With the Heritage line, Longines has been leveraging their design history to produce some supremely cool watches, including the Legend Diver, Avigation (reviewed here), and the Heritage Diver 1967 (hands-on here). Adding to that collection with the brand new Longines Heritage Military COSD, Longines has designed a watch in reference to a model used by the British Special Forces in the 1940s. With a clean field watch aesthetic, accessible sizing, and the option of a nato strap, the Longines Heritage Military COSD plays to the same appeal established by its siblings.
The Longines Heritage Military COSD’s 40mm steel case can be had with either a matte black or opaline (off-white) dial. Both dial options have bold railway minute scales, legible arabic numerals, and a 24-hour scale in red (in reference to the original design, seen below). With luminous elements at each hour, the black dial has a rhodium-plated handset while the opaline dial uses a blued steel handset. The dials also sport Britain’s broad arrow symbol, in reference to the military equipment nature of the original Longines Heritage Military COSD.
Finished with a screw-down solid case back and anti-reflective sapphire crystal up front, while the Longines Heritage Military COSD mimics the look of a watch that is some 75 years old, I think it stands as an example of timeless design rather than a simple bid towards the trend of “vintage-inspired.”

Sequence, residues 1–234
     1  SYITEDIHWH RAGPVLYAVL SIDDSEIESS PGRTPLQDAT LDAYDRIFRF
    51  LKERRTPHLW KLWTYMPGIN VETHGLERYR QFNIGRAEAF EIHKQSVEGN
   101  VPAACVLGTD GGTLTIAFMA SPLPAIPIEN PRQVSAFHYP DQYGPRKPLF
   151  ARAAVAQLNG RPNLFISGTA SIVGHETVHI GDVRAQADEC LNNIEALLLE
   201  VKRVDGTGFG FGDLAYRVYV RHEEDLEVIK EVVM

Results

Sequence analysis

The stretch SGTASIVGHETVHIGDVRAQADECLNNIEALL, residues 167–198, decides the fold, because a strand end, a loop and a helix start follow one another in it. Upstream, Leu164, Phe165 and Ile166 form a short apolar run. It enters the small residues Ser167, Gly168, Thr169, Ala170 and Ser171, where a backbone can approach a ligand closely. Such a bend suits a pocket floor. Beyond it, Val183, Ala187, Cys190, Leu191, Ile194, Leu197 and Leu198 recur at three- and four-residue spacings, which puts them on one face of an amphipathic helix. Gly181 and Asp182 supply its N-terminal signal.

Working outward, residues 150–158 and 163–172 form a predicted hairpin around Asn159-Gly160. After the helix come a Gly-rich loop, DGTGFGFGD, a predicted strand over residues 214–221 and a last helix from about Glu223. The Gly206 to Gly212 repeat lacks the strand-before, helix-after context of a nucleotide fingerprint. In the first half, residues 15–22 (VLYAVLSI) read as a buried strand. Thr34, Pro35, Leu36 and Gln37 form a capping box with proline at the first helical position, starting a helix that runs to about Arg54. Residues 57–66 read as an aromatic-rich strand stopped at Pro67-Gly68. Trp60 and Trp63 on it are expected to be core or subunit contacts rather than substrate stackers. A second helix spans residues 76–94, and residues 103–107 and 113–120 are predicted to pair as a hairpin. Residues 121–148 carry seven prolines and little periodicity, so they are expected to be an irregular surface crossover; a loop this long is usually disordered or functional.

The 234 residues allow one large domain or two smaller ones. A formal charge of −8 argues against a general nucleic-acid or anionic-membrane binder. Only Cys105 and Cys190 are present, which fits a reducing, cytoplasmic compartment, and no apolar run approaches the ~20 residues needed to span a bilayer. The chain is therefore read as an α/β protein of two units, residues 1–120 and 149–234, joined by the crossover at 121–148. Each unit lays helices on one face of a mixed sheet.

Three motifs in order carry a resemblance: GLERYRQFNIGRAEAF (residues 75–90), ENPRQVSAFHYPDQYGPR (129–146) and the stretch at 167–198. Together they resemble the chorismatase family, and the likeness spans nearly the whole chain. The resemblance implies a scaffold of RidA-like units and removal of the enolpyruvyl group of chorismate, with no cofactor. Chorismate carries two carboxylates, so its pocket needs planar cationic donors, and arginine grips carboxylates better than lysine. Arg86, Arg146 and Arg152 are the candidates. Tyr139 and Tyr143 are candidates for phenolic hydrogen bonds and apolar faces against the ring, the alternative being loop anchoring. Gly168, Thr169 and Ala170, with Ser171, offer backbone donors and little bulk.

The movement is a fitting choice for a military-inspired watch; the simple but massively effective ETA 2892/A2 (dubbed the Longines caliber L619.2). With 4Hz, 21 jewels, and 42 hours of power reserve, the 2892 was used by Omega for movements like their 1120 and was even the basis for their early co-axial movement, the 2500. In short, the 2892 may not be flashy, but it is reliable, easy to service, and more than capable of excellent timekeeping.
The 40mm sizing makes the COSD accessible to a lot of wrists and, with a thickness of 9.95 mm, the Longines Heritage Military COSD should wear well. The 2892 is an impressively thin movement, so it’s certainly possible that the Longines Heritage Military COSD will sit low on wrist. Judging by the images, the lugs appear to be quite long and it’s hard to judge how sloped they are – more on that when we get a chance to go hands on with the COSD. I rather like the look of the blued hands and raised luminous elements on the opaline dial.
Coming from Longines and being ETA-powered, the Longines Heritage Military COSD is attractively priced from US$1700 on the nato strap or $1900 on a black leather strap. With a casual nato-happy style, wearable proportions, a reliable movement, and some military history for good measure, the Longines Heritage Military COSD looks like a winning formula from Longines. longines.com